Cutbacks in the number of nuclear weapons during the last decade have left the United States with an estimated 34 metric tons of radioactive plutonium that needs to be safely disposed of. Suggestions from scientists have ranged from burying it to converting it to fuel for nuclear power plants. Last year, the Chicago-based Bulletin of the Atomic Scientists invited readers to come up with suggestions of their own. The winning ideas are on display in Chicago.
The Bulletin's editor, Linda Rothstein, says the contest asked not only for ways to dispose of plutonium, but also to design that depository in the form of a monument to the nuclear weapons program. "I felt that we had edited and I had about enough of too many articles on burying plutonium," she says. "So, I was thinking of other things we could do and said at a casual dinner, "Maybe we should build a monument, put it all in there and people could come take a look at it."
The Bulletin of the Atomic Scientists was founded in Chicago in 1945 by a group of scientists who helped develop the first atomic weapons. Since then, The Bulletin has warned of the perils of nuclear war. It is the keeper of the so-called "Doomsday Clock," the publication's symbol of how close the world is to nuclear disaster.
Ms. Rothstein says the United States' excess plutonium will probably eventually be buried, which she does not agree with. "I thought that burying it was hiding the problem, giving people an easy way out," she says. "We spent billions to make it; we are going to spend billions to bury it. That would make it too easy to forget about it."
The plutonium memorial contest drew about 150 entries from 20 countries. Five architecture classes used the contest as a group project. One man from the state of Minnesota submitted a song titled, "Plutonium."
The entrants had to keep in mind that plutonium remains radioactive for 240,000 years.
One of the runners-up was architect Brantley Hightower of suburban Chicago. He proposed a series of sprawling memorials along the nation's highways. "It is kind of a circular form whose dimensions are given meaning," he says. "The outer radius is equal to that of the radius of complete destruction at Hiroshima. The circular pool you see in the center is equal to the fireball in that blast."
Mr. Hightower's project calls for each of his memorials to be surrounded by 300 large concrete and fiberglass towers, which would house the excess plutonium. For security reasons, only about one-fourth of the towers would contain plutonium.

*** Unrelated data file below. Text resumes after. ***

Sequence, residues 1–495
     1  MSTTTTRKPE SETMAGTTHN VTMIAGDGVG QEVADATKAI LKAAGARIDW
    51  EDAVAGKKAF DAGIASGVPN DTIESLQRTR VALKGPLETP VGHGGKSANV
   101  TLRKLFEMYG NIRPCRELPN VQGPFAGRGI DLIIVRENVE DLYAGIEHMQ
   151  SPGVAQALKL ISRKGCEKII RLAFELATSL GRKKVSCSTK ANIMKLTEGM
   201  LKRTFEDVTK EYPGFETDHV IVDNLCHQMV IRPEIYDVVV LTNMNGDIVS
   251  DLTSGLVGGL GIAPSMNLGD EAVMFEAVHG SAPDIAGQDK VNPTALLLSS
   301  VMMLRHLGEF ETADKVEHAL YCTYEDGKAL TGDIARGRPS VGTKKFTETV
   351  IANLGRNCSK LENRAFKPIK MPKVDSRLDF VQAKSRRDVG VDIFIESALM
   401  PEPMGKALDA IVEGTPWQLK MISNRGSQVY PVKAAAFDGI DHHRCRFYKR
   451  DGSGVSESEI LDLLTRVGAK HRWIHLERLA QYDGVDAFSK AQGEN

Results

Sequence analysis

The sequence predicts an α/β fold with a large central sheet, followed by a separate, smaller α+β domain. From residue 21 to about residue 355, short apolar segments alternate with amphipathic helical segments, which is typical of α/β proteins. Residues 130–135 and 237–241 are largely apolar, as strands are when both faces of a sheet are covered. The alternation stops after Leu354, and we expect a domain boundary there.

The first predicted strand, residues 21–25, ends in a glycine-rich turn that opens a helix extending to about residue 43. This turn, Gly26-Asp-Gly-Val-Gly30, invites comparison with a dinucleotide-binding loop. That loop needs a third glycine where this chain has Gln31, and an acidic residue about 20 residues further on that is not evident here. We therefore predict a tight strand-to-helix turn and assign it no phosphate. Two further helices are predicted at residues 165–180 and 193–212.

Thinking that a plutonium memorial should be located someplace where millions of people could visit it, runner-up Michael Collins of California chose Orlando, Florida as his memorial site.
His entry calls for plutonium to be housed in hundreds of shiny metal spheres placed in two reflecting ponds. Visitors would walk between the ponds on their way into a plutonium museum. "So that, as people are processing through to the exhibit areas where they would learn about the actual plutonium, they are reminded of what the size is, reminded of what man has done, through the reflection on the canopy above, on the water, they can not escape the fact that they helped create this element," he says.
A man from San Francisco, California submitted the winning entry. It is called," 24-110", which is the number of years it takes for half the atoms in a mass of plutonium to decay: 24,110. This entry looks like a huge carpet made of grass, placed on the Ellipse, an expansive lawn just South of the White House in Washington. One edge of the carpet is lifted, suggesting sweeping the plutonium problem under a rug. Nobel laureate in physics Leon Lederman was one of the contest judges. "This is hysterical, right? This credits humor. I do not think it is very feasible, and the fact that it is not feasible is part of the humor," he says.
Another entry depicted ice cube trays containing cubes of plutonium. Another suggested storing plutonium in enormous models of human bones, because released radiation accumulates in the core, or marrow, of bones.
Bulletin publisher Stephen Schwartz says the contest was an attempt to get non-scientists to think about one effect of the nuclear arms race. "Who would come out to see something like this? Even for half and hour or an hour while they are here, to think about the problem of plutonium and the problem of the arms race, of radioactivity," he says. "If we do that and cause people to maybe reassess what the issue is and how to deal with it, then we have done our job."
Winners and other entries to the plutonium memorial contest will be published in the May issue of the Bulletin of the Atomic Scientists. They will also appear on the Bulletin's Internet Web site by the end of April.